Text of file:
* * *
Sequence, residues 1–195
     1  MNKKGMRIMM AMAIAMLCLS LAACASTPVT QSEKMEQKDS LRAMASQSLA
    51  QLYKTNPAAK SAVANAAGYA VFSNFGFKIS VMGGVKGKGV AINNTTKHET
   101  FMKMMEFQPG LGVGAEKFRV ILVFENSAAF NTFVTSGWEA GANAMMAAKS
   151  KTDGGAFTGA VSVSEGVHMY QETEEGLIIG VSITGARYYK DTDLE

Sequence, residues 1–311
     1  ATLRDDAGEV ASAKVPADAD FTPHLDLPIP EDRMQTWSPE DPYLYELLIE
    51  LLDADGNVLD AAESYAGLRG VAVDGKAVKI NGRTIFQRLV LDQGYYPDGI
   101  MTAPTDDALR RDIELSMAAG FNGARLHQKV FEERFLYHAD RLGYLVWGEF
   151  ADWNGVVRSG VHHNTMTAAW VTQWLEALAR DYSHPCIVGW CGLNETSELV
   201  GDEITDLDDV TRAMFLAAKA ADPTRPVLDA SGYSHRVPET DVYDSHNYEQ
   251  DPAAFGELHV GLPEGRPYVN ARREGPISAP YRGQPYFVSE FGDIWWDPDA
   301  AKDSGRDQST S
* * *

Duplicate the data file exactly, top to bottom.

Sequence, residues 1–195
     1  MNKKGMRIMM AMAIAMLCLS LAACASTPVT QSEKMEQKDS LRAMASQSLA
    51  QLYKTNPAAK SAVANAAGYA VFSNFGFKIS VMGGVKGKGV AINNTTKHET
   101  FMKMMEFQPG LGVGAEKFRV ILVFENSAAF NTFVTSGWEA GANAMMAAKS
   151  KTDGGAFTGA VSVSEGVHMY QETEEGLIIG VSITGARYYK DTDLE

Sequence, residues 1–311
     1  ATLRDDAGEV ASAKVPADAD FTPHLDLPIP EDRMQTWSPE DPYLYELLIE
    51  LLDADGNVLD AAESYAGLRG VAVDGKAVKI NGRTIFQRLV LDQGYYPDGI
   101  MTAPTDDALR RDIELSMAAG FNGARLHQKV FEERFLYHAD RLGYLVWGEF
   151  ADWNGVVRSG VHHNTMTAAW VTQWLEALAR DYSHPCIVGW CGLNETSELV
   201  GDEITDLDDV TRAMFLAAKA ADPTRPVLDA SGYSHRVPET DVYDSHNYEQ
   251  DPAAFGELHV GLPEGRPYVN ARREGPISAP YRGQPYFVSE FGDIWWDPDA
   301  AKDSGRDQST S